My lil’ Vashti

How do I write about Vashti’s death and not sound false?  I don’t know.

When I cry about her, it’s in fits and starts.  It’s not smooth or natural.  I’ll remember waking up with her every morning, her whiskers disturbing my face, wide peerless eyes mirroring mine.  When I remember something like that, the crying gets more hysterical.  Then, at its peak, the thought automatically comes to me, “Come on, Lisbeth, pull yourself together.”  (Where does that thought come from, by the way?)  And for some reason, I automatically obey; I breathe out heavily, my eyes greedily search for something to busy myself with because I think that will help calm me down.  Why do I have to stop?  What would happen if I stayed in that hysterical stage?  I think our bodies know we can’t sustain such raw grief, so we breathe, look up and wipe the tears resting on the crest of our eyes, and attempt a smile saying, “I’m okay.”  And then I’ll joke sometimes…is that okay to have happiness or laughter in our grief?

After we buried her I went straight up to my room, dreading it so much.  It felt so empty.  That‘s when the hysteria rose up again.  How much harder would this be if this were a family member (a human, that is), or a friend?  How then do you handle empty rooms?

Two things I kept looking at today.  One, my right forearm where there was some dried blood on it (I apologize if that’s gross, it’s just been my life lately).  I held her as we drove to the vet.  She rested her chin on my right forearm.  The blood was from the burst tumor on her mandible.  The second thing I kept looking at was my shirt…even now, I see that it still has traces of her hair scattered on it.  Normally, hair on my clothes would frustrate me, but today it doesn’t cling to me…I cling to it.

As soon as I could I washed my sheets, vacuumed my floor, and erased visible evidences of her.  Am I cruel?  Unfeeling?  I’m relieved that I can live in a clean room again….is that selfish of me?  Does writing so soon about my cat dying make me insane?  I think writing about her is like how we work out our woes in dreams…we process, we decompress….

I find that my grief expresses itself differently in the type of thought that I let take hold of the reins.  Right now, the thought is an image.  I can picture her in that box, curled up, still my precious kitty, but not really there, and the tears come again….my lil’ Queen Vashti.

Whenever I am up to it, I’ll post some pictures of her.

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6 thoughts on “My lil’ Vashti

  1. Thank you for putting some of what you are thinking and feeling about Vashti into words…I am so grateful we could be together with her at the end…we will never forget!

    Thank you for caring so tenderly for her these many months when she was quite ill and loving her for all these years! How blessed we have been to have had her in our family…and also to have had such a kind and caring veteranarian, Dr. Levy, with his dry sense of humor.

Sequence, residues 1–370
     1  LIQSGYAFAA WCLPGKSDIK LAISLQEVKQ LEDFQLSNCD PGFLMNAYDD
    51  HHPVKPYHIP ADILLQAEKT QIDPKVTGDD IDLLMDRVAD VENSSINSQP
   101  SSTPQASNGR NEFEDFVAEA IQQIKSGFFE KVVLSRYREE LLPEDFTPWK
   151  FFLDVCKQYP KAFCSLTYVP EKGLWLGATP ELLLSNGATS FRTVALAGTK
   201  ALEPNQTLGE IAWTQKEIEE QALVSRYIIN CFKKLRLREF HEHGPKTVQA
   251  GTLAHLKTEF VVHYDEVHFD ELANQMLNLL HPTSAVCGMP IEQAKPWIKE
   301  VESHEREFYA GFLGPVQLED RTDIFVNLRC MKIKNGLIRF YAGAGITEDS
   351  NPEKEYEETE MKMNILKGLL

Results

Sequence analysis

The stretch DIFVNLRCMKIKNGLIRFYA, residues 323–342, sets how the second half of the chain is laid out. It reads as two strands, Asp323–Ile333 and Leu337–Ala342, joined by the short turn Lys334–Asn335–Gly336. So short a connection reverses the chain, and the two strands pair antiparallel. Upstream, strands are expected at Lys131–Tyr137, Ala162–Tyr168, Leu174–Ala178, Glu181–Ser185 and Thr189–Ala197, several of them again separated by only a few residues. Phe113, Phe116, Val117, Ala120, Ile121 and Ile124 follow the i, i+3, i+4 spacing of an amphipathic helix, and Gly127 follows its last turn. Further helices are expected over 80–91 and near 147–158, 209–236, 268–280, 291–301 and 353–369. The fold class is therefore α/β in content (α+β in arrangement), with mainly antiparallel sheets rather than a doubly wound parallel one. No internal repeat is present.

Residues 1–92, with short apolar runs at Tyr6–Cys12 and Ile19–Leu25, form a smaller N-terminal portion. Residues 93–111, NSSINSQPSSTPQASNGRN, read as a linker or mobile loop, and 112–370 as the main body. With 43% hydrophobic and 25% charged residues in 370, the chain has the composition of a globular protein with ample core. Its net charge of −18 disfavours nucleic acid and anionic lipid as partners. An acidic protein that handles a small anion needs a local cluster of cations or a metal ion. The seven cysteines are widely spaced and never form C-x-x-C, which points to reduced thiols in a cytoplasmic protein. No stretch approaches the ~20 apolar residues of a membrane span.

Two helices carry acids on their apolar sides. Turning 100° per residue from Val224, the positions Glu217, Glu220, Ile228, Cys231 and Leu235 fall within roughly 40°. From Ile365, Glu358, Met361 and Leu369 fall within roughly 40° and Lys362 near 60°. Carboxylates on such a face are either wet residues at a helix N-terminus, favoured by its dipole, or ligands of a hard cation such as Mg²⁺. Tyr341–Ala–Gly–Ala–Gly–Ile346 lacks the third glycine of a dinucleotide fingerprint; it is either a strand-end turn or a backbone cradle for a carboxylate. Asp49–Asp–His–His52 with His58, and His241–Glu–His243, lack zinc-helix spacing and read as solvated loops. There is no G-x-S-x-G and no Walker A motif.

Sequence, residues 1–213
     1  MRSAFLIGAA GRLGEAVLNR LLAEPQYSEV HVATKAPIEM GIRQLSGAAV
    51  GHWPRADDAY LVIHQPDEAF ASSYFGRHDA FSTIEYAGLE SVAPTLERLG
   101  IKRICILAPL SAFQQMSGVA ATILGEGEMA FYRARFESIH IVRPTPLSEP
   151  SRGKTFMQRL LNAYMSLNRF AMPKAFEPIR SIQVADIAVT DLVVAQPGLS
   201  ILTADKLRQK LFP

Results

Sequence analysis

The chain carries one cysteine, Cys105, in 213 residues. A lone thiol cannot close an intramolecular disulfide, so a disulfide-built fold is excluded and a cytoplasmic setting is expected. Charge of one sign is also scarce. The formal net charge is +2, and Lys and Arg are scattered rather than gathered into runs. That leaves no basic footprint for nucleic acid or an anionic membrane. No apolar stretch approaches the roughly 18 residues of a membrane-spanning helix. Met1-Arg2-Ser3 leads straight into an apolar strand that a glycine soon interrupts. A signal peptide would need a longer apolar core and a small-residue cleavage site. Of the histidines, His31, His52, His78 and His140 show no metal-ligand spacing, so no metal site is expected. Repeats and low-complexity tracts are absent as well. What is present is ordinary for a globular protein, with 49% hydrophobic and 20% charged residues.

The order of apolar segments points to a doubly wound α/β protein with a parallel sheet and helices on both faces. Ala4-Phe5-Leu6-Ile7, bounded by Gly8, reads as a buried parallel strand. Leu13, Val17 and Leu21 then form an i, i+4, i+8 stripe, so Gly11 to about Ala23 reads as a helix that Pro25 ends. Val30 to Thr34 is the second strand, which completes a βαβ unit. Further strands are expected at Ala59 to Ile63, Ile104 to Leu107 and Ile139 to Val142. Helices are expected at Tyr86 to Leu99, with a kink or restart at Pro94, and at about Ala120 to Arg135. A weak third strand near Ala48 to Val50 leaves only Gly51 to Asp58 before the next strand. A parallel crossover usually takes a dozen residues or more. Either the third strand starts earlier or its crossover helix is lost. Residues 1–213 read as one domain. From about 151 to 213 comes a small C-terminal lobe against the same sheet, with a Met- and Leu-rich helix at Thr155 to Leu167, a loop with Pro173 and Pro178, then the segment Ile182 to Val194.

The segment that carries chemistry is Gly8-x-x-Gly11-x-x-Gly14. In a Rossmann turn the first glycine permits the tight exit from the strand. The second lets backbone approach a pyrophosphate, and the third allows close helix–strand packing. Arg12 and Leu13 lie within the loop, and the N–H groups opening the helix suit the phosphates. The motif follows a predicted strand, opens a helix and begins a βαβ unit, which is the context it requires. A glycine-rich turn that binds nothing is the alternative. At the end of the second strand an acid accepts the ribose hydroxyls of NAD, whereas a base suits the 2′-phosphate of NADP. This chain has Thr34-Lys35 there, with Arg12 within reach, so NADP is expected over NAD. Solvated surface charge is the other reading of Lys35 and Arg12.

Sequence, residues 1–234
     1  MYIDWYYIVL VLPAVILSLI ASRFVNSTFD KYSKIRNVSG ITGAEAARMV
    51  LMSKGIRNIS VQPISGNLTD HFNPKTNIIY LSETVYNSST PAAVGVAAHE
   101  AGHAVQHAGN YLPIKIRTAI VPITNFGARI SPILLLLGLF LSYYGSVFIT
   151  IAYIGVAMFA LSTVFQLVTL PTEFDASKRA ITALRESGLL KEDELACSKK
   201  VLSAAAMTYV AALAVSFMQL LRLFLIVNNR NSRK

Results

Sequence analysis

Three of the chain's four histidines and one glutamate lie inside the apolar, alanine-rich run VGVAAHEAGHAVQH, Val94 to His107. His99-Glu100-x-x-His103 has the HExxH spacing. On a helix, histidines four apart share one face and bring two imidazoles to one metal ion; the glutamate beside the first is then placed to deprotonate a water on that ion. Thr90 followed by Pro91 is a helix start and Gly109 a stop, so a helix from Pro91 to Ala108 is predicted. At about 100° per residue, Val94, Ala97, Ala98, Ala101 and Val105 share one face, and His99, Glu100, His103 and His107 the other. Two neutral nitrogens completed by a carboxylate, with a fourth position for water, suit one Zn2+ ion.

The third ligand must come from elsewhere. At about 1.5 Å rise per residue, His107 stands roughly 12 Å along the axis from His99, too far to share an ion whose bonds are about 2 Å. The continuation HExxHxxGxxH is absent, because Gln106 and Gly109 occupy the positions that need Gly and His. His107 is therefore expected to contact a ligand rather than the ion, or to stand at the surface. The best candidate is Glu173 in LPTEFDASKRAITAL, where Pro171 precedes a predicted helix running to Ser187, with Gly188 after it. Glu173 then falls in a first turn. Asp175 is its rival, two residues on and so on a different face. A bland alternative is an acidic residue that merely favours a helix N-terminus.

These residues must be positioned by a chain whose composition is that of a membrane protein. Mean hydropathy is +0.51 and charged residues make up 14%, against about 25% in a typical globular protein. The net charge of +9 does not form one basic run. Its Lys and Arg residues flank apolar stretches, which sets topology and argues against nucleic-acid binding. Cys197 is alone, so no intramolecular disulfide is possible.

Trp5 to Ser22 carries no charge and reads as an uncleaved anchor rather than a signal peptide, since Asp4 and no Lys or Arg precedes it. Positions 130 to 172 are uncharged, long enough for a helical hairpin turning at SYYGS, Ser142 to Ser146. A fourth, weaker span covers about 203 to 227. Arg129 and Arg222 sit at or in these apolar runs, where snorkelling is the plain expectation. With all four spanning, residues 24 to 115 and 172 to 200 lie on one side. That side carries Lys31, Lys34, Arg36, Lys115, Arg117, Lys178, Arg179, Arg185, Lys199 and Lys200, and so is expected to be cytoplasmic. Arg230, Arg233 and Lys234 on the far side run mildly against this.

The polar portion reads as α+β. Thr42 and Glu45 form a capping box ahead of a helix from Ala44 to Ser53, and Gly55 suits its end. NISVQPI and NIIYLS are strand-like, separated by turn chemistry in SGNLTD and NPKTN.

Hoping this is theologically correct, but perhaps she is now with her Maker, her sister, Whisper, and maybe even meeting her namesake, Queen Vashti from the story of Esther!

  2. Yes, it would have been so hard to go through it alone…I was so glad to have you there at the end. And yeah, that last bit’s a toughy…I’d like to think that, so I do. God MADE her (the creatures that move along the ground), and said that “It is good. And she was.

  3. Lisbeth–it is ok to laugh in grief. I think we do it partly because we know that death is not part of the original plan; it is absurd! So we laugh.

    And Vashti WAS a family member. I had a cat named Lina for awhile in middle school, and she was truly my best friend at the time. She was an individual, and when she disappeared, no one could replace her, because she was not just “a cat”. She was an individual, whom God made once and will never make again. Animals are beings, not objects, and I while the Great Lion only tells us OUR story, and not theirs, they are obviously stories that intertwined. We named the animals in Adam, after all.

    I’m very sorry for your loss, Lisbeth. [hug]

  4. So sorry to hear about your family’s loss, dear Lisbeth. Although I could never be near her when I was over, due to my dreaded allergies, I know she was a cherished pet (and family member). I do choose to believe, as do you and your mom, that animals do go to heaven! I can’t even picture heaven without animals to be honest!

  5. It’s good that you write and weep and write again. There’s something of God in a pet like Vashti. The unconditional love and desire for our lovin’ back. I will never forget her coming down the hall her last nite and plunking herself down sideways on our rug “saying” see me, pet me, love me one more time. The vet said she was 95 years old in human terms. I hope we all finish as well as she did in old age and with such grace and love.

  6. My dear friends, these comments have been a blessing to me all week. I’ve read them over and over, clung to your warm words that are so full of truth! Rachel, I love everything you said…Vashti wasn’t just a cat, but an individual. That’s it exactly! It helps to know someone who “gets it” too. I wish I could’ve met Lina. Maybe one day!
    And Jess, I too can’t imagine heaven without beloved creatures. And Daddy, you’re right, her unconditional love showed us Jesus. Thank you all for taking your precious time to comment, it has helped me these days more than you know.

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